When I looked around, that first day of seventh grade, I was amazed that somehow I was just an average height kid. This started to bother me enough that I decided that it was something I should bring to the Lord.
That evening I prayed I would be six feet tall when I woke up in the morning. At the time I had so much faith that God was going to say yes to my prayer request, I slept diagonally on my bed, so that during this miracle I wouldn’t injure myself”.
Today I am 5' 11" "
Thursday, September 25, 2008
Van was going on a back packing trip with his oldest son and wanted to get in some hiking before the trip. He called me and said he was interested in hiking part way up Mt Si and would I like to join him, the plan was to go to the 2.5 or 3.0 mile marker. The total Mt Si hike is four miles with a 3,100 foot elevation gain. I invited my 6, 7, 8 and 9 year nephews and niece to join us.
When we started up the hill the goal was to only go part way, but the competitive spirit got the best of us. Our goal soon became to make it to the top. Van took the lead and I was the sweeper.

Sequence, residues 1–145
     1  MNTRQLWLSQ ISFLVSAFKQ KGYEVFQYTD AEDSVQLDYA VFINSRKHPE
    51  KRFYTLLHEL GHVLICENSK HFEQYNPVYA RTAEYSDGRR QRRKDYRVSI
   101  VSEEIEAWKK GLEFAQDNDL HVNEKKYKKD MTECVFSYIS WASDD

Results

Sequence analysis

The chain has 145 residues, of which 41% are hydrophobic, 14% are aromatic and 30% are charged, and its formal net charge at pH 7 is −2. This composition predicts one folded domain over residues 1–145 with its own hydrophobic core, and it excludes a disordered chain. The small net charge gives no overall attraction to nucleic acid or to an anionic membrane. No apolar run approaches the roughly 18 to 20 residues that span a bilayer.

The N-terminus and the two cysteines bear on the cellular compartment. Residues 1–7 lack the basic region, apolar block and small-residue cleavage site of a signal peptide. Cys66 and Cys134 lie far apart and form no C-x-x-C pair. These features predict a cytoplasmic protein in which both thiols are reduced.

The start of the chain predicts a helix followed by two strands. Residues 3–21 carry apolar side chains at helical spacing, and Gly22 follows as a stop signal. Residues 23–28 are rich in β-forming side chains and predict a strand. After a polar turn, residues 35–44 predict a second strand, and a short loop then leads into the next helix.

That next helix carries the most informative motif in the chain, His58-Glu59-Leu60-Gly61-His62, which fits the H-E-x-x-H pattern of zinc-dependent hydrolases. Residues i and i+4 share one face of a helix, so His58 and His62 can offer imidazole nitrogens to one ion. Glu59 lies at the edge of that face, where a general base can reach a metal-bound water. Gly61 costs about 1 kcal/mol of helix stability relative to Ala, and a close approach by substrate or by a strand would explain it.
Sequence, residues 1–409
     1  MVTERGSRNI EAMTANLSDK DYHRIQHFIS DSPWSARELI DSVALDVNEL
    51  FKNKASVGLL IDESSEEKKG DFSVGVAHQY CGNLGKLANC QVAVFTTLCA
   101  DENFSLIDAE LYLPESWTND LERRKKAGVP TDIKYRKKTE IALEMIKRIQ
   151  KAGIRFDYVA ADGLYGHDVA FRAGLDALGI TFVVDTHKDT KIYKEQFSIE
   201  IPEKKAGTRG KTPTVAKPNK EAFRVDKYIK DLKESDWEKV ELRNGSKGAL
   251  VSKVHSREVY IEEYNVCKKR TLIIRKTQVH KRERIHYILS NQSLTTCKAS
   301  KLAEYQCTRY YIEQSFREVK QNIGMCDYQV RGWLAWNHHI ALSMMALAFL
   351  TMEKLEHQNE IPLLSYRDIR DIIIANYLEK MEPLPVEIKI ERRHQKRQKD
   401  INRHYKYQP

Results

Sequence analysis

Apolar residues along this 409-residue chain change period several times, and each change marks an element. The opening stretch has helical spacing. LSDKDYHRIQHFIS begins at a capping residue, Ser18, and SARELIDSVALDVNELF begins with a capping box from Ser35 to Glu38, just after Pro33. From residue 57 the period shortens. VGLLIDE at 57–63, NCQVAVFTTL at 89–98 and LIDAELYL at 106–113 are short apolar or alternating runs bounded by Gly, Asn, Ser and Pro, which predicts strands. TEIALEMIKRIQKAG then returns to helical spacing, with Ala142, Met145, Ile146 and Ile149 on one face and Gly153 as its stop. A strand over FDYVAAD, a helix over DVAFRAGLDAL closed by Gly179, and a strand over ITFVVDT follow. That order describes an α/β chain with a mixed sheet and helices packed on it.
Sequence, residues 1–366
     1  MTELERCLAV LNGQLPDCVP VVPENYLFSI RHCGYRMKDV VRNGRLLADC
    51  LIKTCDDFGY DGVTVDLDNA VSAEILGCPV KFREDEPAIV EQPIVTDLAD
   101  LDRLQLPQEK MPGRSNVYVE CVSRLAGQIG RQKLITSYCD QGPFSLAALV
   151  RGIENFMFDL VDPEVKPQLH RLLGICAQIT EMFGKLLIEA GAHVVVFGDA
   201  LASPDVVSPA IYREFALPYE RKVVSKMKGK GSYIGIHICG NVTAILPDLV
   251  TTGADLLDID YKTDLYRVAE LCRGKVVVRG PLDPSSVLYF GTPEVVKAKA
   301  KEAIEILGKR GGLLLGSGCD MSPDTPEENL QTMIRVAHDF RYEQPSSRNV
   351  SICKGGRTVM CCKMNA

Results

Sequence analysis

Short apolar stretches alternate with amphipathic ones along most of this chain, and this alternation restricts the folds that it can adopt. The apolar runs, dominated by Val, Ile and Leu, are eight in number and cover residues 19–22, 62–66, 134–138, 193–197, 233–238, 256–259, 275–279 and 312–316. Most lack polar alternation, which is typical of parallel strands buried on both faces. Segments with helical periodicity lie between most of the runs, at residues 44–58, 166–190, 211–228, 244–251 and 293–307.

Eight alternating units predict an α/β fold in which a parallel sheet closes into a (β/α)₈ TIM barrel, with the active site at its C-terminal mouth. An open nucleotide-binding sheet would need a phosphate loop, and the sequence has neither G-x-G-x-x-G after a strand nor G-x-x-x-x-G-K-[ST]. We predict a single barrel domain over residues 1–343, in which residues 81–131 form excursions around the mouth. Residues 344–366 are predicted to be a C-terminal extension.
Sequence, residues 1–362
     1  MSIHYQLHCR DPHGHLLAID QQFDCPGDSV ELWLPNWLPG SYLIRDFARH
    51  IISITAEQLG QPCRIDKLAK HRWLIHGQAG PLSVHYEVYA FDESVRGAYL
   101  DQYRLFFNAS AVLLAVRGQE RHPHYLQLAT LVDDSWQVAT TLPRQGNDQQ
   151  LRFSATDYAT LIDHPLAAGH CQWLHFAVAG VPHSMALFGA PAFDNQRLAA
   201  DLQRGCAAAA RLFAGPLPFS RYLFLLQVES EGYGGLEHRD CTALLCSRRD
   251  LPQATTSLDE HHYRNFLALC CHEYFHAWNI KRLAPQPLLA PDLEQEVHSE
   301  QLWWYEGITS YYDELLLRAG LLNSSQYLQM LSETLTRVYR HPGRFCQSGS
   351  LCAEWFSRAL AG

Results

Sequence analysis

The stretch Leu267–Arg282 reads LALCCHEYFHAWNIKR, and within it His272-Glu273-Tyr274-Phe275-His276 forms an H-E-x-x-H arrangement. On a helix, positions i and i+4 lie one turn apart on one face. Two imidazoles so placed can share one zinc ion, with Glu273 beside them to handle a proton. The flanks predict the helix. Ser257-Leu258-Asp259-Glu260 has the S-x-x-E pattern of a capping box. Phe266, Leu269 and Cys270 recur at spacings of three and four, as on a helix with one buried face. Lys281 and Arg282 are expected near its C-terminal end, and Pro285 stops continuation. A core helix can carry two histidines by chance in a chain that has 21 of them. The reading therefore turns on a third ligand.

Trying to keep the children between us was a chore. One kid at a time would fall back and start whining. By the time we got to the top three of the four had taken their turn complaining. After three hours we made it to the top. When they got to the top they all forgot all their troubles and had tons of energy.
On the way down I made the mistake of not telling them that we all have to stay within sight of each other. One of the boys decided he was going to be the first one to the car and took off, the rest of us couldn't keep up with him.
I finally had the oldest boy carry my pack and I took off after the run away. I was worried for his safety and keeping my uncle responsibility. I soon learned that I am not as fast or agile as I used to be. My goal was to catch him and tell him a few things and maybe a spanking. Hikers coming up were yelling at him to stop and then yelling at me for letting him get away.
I didn't have to worry about spanking him for the ground did the work for me. He ran around a couple and fell. When I arrived the couple had stayed near him. We washed off the dirt and put bandages on the knee wounds. He then stayed very close to the rest of us.At the end of the hike, at the trail head we took the pictures below, (sorry for the picture quality, they were taken on my cell phone). The "run away nephews" didn't want to get into the picture. When he later walked by the same sign I snapped his picture.
Tuesday, September 9, 2008
I decided it needed to be seen by others.
"Monday, September 8, 2008
the one where I talk about sex
Cameras were everywhere on that first day of school. Parents hovered like the paparazzi, snapping photos and waving. And when the kids went in, the crowd dissolved into a mixture of tears and happy dances. (I was one of the Moms doing a happy dance, by the way.)